A valid case:

response = EmailInquire.validate("john.doe@gmail.com")
response.status # :valid
response.valid? # true

An invalid case:

response = EmailInquire.validate("john.doe@yopmail.com")
response.status   # :invalid
response.valid?   # false
response.invalid? # true

A hint case:

response = EmailInquire.validate("john.doe@gmail.co")
response.status      # :hint
response.valid?      # false
response.hint?       # true
response.replacement # "john.doe@gmail.com"

A custom invalid case:

# in config/initializers/email_inquire.rb
EmailInquire.custom_invalid_domains << "bad-domain.com"


response = EmailInquire.validate("john.doe@bad-domain.com")
response.status   # :invalid
response.valid?   # false
response.invalid? # true

A custom valid case:

# in config/initializers/email_inquire.rb
EmailInquire.custom_valid_domains << "example.com" # would be otherwise invalid
EmailInquire.custom_valid_domains << "sfr.com" # would be otherwise hinted to "sfr.fr"


response = EmailInquire.validate("john.doe@example.com")
response.status   # :valid
response.valid?   # true
response.invalid? # false

response = EmailInquire.validate("john.doe@sfr.com")
response.status   # :valid
response.valid?   # true
response.invalid? # false


I think it's important to just offer a hint to the user and to not automatically replace the maybe faulty email address in the form.

A "Did you mean xxx@yyy.zzz ?" has the following advantages:

  • user remains in charge: we could have hinted against a perfectly valid email;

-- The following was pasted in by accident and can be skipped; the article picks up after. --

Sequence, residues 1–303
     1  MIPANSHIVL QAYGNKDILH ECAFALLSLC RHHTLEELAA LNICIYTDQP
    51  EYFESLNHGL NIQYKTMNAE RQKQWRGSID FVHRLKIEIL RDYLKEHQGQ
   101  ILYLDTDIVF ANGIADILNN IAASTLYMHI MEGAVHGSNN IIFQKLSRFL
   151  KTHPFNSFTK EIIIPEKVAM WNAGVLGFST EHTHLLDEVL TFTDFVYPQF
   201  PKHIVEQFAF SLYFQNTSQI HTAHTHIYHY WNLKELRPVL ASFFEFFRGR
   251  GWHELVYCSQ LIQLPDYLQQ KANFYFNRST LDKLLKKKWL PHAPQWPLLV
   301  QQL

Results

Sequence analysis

• user is educated;
  • mini whaoo effect;

This "Did you mean xxx@yyy.zzz ?" is better being actionable, and appearing to be so: a click or tap on it should replace the email by the suggestion.

  +---------------------------------------+  +---------+
  | john.doe@yaho.com                     |  | Sign Up |
  +---------------------------------------+  +---------+
    Did you mean john.doe@yahoo.com ?

Note that you could even have this validation for your Sign In form...


Why does a perfectly valid corporate domain is hinted ?

There are a few cases of corporate domains that will be hinted to the related public provider domain:

  • google.com => hint gmail.com
  • laposte.fr => hint laposte.net
  • sfr.com => hint sfr.fr

This is intended. Taking google.com (corp) vs. gmail.com (public provider):

  • there are far more people with a gmail.com address rather than people with google.com address;
  • employees of Google are well aware of the difference between google.com (their employee address) and gmail.com (the public email provider offered by their company) and will not be mistaken by a hint;
  • non-tech savvy people are not, and have in mind "my email address is google", so not hinting to gmail.com would let a lot of actual errors pass.

If you do not want this, add the affected domains to EmailInquire.custom_valid_domains.


After checking out the repo, run bin/setup to install dependencies. Then, run rake spec to run the tests. You can also run bin/console for an interactive prompt that will allow you to experiment.

To install this gem onto your local machine, run bundle exec rake install. To release a new version, update the version number in version.rb, and then run bundle exec rake release, which will create a git tag for the version, push git commits and tags, and push the .gem file to rubygems.org.

Mutation testing

We use mutant to ensure that everything is well tested and the code is minimal. Coverage reported should be close to 100%.

Run it with:

bundle exec mutant --include lib --require 'email_inquire.rb' --use rspec -- 'EmailInquire*'


Bug reports and pull requests are welcome on GitHub at https://github.com/maximeg/email_inquire.


The gem is available as open source under the terms of the MIT License.